Spying on the Reich: The Cold War Against Hitler by R T Howard - review by Zareer Masani

Zareer Masani

Golfing for Victory

Spying on the Reich: The Cold War Against Hitler

By

Oxford University Press 384pp £25
 

Yet another book on the origins of the Second World War might seem excessive, but this one takes an original approach. Its focus is on the quality and accuracy of information obtained through espionage during the interwar period, especially among the main powers, and how far failures of intelligence contributed to the war.

Underlying all this was the mercurial nature of Hitler’s leadership and the inherent difficulty of anticipating either his next move or his ultimate foreign policy aims. The argument of this book is that the Western Allies turned a blind eye to Nazi Germany’s secret rearmament from 1933, in defiance of the major restraints on it imposed through the Treaty of Versailles in 1919, and then, in 1938, much overestimated Hitler’s military might. Having avoided military intervention early on to contain Nazi Germany, they also shirked a military showdown in defence of Czechoslovakia in 1938 before taking up arms following Hitler’s invasion of Poland a year later, by which time the German war machine was much better prepared.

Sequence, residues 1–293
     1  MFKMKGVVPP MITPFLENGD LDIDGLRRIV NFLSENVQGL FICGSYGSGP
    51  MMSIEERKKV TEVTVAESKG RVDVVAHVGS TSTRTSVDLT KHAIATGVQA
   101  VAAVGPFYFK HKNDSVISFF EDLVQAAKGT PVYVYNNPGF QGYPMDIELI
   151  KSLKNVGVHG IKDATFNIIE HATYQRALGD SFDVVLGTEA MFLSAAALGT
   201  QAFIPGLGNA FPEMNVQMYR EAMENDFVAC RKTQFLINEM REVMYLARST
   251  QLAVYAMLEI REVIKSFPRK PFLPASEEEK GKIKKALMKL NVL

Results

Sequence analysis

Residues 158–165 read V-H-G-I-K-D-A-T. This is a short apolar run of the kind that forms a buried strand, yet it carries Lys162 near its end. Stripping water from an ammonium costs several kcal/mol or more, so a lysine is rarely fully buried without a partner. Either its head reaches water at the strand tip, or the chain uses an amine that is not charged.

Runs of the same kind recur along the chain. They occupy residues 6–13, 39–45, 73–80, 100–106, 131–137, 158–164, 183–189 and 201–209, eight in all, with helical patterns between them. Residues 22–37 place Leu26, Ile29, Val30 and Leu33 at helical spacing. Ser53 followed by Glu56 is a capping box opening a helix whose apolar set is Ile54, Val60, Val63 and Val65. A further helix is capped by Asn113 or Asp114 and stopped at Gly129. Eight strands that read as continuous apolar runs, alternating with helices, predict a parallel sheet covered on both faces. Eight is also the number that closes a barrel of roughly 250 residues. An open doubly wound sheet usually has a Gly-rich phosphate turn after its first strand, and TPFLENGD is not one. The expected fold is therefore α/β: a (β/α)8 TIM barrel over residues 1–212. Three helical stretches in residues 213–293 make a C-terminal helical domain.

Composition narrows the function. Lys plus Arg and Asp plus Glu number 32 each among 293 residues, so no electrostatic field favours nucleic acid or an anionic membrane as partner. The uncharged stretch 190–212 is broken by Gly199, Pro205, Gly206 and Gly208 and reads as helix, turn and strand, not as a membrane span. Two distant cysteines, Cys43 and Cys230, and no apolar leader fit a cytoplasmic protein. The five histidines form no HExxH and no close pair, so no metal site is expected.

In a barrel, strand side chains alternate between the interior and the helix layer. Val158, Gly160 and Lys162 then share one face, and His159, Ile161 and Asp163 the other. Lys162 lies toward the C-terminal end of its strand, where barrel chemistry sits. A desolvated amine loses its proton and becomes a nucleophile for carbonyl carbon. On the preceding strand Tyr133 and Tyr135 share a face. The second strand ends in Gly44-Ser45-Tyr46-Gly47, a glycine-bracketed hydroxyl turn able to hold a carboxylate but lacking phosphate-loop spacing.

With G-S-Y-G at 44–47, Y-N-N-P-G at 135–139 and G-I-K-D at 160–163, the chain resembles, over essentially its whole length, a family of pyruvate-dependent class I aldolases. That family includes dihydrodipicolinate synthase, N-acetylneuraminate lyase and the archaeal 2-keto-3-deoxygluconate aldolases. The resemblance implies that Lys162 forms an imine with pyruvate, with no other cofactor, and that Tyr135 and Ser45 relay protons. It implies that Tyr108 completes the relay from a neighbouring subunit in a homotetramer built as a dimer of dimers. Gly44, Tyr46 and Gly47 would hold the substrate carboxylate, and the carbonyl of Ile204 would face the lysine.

A lot of this is familiar ground. What’s original is the discussion of the often poor and contradictory quality of Anglo-French intelligence and Germany’s success at duping its rivals. Parts of this book read like an exciting cloak-and-dagger story revolving around the exploits of various military attachés, professional spooks

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